On pulpit-(un)consciousness

Oversharing: Excepting spouses, parents and maybe eventually children, nobody needs to know about anybody’s patriarchal blessing.  Ever.  Private spiritual manifestations?  That’s great for you (and me! And everyone else who gets ‘em!); let’s keep them the way they came: private.  Chances are that manifestation was tailored by loving Heavenly Parents to your unique understanding, which means it might not make sense to the rest of the ward but now we all have to try and square it with each of our own unique understandings.  Also, let’s all keep our sin-baring for our bishops.

Irrelevance: What hath vacation-sharing, missionary-updates, and extended (auto)biographies to do with a testimony?

Inconsiderate: It’s truly wonderful to hear that by your 44th wedding anniversary, all twelve of your children have gone on missions and married in the temple.  What about the couple with four inactive children?  Or the widowed parent with three kids under 8? Or the half of the ward somehow affected by divorce?  What would you like them to do with your glory?  Repent?  It’s not that your story isn’t something to be proud of, it’s just that most of your ward probably already knows, so to what end are you (re)publishing it?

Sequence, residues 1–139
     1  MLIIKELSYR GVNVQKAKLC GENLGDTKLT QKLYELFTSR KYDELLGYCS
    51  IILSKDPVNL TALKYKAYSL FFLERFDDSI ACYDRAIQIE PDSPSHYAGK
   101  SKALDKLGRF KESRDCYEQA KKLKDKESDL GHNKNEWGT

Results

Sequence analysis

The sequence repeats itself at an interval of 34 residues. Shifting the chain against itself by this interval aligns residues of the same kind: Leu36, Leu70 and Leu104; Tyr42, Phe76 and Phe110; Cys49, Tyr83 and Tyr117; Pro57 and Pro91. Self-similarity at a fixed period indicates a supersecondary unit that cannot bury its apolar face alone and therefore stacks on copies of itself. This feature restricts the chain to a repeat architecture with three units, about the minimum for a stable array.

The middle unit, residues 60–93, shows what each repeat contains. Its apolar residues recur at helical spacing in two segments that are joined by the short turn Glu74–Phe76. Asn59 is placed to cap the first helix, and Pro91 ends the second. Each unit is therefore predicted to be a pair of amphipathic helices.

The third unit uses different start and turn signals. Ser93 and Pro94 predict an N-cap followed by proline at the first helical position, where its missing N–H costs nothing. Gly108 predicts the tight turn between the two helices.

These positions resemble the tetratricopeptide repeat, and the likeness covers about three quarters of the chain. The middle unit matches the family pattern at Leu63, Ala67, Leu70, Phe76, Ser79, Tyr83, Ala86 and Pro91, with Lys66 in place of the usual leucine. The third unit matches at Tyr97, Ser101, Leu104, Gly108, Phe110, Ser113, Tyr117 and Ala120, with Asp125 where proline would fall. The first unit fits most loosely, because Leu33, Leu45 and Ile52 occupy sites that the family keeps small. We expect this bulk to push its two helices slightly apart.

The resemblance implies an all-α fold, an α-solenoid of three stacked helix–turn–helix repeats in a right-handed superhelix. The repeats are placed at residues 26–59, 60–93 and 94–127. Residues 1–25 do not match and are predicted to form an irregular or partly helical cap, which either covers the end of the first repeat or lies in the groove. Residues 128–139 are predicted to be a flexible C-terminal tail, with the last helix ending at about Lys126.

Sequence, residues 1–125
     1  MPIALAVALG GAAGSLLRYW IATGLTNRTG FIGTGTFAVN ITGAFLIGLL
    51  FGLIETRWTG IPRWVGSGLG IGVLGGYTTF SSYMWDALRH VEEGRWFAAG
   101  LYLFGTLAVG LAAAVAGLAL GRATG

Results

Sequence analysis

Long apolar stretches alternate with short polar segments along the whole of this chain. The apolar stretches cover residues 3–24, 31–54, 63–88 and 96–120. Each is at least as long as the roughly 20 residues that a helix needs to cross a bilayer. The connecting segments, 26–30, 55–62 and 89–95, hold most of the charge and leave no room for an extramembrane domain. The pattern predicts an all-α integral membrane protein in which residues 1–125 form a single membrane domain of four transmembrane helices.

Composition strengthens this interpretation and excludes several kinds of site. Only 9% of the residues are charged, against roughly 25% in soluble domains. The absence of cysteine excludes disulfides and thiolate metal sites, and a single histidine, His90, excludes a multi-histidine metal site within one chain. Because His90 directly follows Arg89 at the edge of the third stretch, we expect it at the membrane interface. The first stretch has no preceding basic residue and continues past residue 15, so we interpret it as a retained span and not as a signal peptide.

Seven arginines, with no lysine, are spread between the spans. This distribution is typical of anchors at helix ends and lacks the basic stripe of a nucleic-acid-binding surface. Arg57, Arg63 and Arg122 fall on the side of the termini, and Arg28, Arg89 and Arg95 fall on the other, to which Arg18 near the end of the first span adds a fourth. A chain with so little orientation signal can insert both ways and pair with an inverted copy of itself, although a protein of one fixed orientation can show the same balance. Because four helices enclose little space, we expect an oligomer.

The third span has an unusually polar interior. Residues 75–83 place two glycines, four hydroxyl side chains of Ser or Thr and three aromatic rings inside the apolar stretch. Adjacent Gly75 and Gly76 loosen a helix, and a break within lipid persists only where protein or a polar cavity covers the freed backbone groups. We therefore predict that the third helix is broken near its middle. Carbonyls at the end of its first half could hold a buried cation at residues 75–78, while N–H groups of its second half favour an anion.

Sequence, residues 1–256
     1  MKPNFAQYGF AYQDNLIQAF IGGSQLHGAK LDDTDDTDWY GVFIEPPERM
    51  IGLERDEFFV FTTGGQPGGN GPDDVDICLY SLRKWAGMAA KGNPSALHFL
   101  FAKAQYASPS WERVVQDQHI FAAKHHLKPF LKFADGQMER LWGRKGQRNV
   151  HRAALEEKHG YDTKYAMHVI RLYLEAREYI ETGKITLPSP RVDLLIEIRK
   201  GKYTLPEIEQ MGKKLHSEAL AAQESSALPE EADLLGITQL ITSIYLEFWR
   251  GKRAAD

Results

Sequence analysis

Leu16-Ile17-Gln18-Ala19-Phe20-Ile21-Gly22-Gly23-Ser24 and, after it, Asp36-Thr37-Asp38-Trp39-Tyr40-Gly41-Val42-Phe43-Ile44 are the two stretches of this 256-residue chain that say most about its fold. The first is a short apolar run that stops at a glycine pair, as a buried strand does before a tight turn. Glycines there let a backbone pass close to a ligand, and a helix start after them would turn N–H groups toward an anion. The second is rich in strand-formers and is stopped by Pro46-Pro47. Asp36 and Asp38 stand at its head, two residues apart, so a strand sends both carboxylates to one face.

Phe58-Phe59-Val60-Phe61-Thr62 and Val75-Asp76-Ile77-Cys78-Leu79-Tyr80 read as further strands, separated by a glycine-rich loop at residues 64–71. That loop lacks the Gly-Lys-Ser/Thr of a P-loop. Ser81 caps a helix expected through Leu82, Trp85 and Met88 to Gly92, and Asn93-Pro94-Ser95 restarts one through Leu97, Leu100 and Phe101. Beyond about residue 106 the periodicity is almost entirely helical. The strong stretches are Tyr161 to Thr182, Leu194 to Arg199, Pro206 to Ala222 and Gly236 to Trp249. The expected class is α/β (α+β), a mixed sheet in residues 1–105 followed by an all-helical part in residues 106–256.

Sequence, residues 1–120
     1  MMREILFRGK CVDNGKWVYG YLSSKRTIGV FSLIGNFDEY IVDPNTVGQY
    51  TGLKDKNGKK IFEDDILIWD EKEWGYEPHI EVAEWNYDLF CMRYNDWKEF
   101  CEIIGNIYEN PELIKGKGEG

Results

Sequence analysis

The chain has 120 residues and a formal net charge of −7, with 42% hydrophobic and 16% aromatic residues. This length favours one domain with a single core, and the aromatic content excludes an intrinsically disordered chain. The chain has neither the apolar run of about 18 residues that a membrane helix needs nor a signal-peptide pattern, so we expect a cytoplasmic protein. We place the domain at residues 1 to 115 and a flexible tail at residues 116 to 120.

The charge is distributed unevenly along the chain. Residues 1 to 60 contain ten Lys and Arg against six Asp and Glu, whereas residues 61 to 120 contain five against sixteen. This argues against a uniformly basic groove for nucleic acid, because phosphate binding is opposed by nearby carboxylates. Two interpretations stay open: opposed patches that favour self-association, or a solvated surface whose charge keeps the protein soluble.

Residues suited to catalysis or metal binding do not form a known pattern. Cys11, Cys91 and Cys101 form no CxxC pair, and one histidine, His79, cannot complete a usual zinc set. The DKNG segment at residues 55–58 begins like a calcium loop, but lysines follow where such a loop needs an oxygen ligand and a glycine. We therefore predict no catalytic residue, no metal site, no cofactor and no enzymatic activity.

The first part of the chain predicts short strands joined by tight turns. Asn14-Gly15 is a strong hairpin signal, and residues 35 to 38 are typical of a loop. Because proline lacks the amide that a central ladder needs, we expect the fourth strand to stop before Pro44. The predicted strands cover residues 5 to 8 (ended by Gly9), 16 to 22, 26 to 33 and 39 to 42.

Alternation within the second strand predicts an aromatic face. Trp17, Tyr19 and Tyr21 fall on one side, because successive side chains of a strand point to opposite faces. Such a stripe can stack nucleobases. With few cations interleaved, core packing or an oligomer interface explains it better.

Posturing: It is quite obvious when a story is shared over the pulpit for no reason other than to flaunt some type of proximity with a general authority.  No one cares that anyone has shaken hands/made eye contact/heard their name said by/mown the lawn of/babysat for/shared an elevator with general authorities.  General authorities are known to stay in the homes of members; no one cares if one stayed at your house.  Especially if you were 3 years old at the time.

Tyranny: It is just vile when someone offers a rebuke in the context of a testimony or a prayer.

So, what’s left to say?   This.


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